He puts a LOT of effort into explaining why everyone who disagrees with him is an idiot, but is very light on the actual physics. Perhaps he would find far less idiots to rant and rave at if he actually made the slightest effort to explain the physics. Yes, he does claim that progressive tension is better because it's the laws of physics. But everything else is anecdote. Work through his writings and strip it all down and you are left with an assumption that equal tension or progressive tension is better, it's obvious because 'it's the laws of physics man', but 'I'm no scientist' so I won't tell you exactly which laws of physics I'm invoking because I don't know myself. But it really is obvious, and you really must be an idiot if you don't get it.

He is right. The tension of a wound string does depend on the core/wrap ratio and materials used. What he doesn't explain is why tension is so critical, what benefits specifically does he claim come as a result of a change in tension, the mechanism for that, and how that might affect other characteristics of the string.

There is a large body of hard academic research into the properties of vibrating strings, and how changes in materials and construction change the vibration characteristics of strings. He's read the part that allows you to control tension. But doesn't understand that that involves a trade off which can increase enharmonicity in the string.

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Re: String Gauges for Balanced Tension

Postby Random Guitarist » Sun Dec 30, 2012 3:20 pm

Do you mean anharmonicity?
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Re: String Gauges for Balanced Tension

Postby zenguitar » Sun Dec 30, 2012 3:32 pm

No, I mean inharmonicity. that's what comes from typing away without checking my spelling

Thanks for spotting it.

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Re: String Gauges for Balanced Tension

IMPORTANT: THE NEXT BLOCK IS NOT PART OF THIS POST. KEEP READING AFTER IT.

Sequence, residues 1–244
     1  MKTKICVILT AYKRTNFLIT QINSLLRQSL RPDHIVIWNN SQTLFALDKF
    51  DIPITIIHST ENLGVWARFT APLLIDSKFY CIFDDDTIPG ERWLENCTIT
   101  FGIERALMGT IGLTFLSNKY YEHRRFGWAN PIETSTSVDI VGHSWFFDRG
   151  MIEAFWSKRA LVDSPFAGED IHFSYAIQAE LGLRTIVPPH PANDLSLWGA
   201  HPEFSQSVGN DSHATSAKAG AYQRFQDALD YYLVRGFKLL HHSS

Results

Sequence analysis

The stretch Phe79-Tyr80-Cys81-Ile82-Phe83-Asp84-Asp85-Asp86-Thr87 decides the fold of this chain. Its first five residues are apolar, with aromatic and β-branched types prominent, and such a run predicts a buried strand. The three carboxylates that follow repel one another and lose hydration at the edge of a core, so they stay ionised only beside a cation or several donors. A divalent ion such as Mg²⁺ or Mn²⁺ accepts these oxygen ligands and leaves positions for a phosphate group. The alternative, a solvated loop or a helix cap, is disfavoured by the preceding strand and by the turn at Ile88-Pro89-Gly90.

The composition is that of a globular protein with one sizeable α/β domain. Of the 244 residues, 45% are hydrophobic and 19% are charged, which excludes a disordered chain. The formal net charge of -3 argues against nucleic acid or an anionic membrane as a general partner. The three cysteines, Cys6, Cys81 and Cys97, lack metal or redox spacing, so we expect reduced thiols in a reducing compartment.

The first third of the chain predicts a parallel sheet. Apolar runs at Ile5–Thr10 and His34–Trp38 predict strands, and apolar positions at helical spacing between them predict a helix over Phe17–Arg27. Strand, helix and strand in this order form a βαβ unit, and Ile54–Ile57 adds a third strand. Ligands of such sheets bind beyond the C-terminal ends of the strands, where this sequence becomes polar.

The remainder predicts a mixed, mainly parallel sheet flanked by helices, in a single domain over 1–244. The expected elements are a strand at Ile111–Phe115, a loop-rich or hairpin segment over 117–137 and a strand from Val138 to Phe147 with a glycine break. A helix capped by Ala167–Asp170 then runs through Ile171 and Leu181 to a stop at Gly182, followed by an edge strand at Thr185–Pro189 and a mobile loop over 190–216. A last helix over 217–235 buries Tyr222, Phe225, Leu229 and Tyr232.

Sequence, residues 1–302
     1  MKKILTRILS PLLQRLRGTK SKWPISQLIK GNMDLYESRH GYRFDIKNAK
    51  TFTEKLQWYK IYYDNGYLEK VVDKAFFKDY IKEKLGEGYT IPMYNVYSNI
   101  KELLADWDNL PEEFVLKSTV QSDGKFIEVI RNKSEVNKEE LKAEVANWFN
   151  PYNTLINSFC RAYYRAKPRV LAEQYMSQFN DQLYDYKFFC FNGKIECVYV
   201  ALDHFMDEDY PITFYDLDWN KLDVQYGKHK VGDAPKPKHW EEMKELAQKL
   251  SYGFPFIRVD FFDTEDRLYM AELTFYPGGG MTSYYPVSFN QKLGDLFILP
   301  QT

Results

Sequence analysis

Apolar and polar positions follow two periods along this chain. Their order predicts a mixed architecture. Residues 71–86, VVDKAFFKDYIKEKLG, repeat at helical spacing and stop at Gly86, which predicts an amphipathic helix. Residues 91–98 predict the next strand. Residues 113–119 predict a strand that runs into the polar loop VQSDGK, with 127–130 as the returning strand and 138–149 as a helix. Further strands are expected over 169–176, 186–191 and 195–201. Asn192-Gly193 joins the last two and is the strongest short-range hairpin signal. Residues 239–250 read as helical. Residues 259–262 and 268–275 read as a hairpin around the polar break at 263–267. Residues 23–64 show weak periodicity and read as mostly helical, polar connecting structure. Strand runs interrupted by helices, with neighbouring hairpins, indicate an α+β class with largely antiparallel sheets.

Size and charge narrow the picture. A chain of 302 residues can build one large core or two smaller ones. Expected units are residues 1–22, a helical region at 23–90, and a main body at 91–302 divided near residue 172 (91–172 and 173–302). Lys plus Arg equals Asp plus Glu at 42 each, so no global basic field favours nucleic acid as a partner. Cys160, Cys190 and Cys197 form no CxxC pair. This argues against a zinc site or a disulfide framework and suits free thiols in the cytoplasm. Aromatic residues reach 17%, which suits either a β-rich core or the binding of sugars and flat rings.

Postby Elephone » Fri Jan 11, 2013 4:05 pm

.010, .013, .015, .026, .032 and .038.

I'm completely baffled by this!!!

I have tried a .038 for an E-String before and you can very comfortably bend it up 3 semitones (and sounds like an A-string that needs putting up a 5th). An .032 A-string can be bent up about 2 semitones with that same pulling tension (as can a .015 G-string), and I know the more familiar .010 and .013 strings for E and B can only be bent up 1 semitone with the same pulling tension.

I just don't get how that is anything like 'balanced' tension! Does Roger Mayer mean something else by this?
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Re: String Gauges for Balanced Tension

Postby Elephone » Sun Jan 13, 2013 10:39 am

I just read the comments under the article link. Someone wrote:

"I once asked Roger what he thinks of those string sets you can buy that are calibrated to have relatively equal tension to each other. He says that's pointless because players should be more concerned about the sound than the tension (although I guess if you're using a buttload of gain or compression it won't matter so much)."

So, according to Mayer, it's better to cope with a rather slack low E-string -and inconsistent tension overall- than to opt for equal tension!

Does anybody have any thoughts on this?
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Re: String Gauges for Balanced Tension

Postby zenguitar » Sun Jan 13, 2013 1:34 pm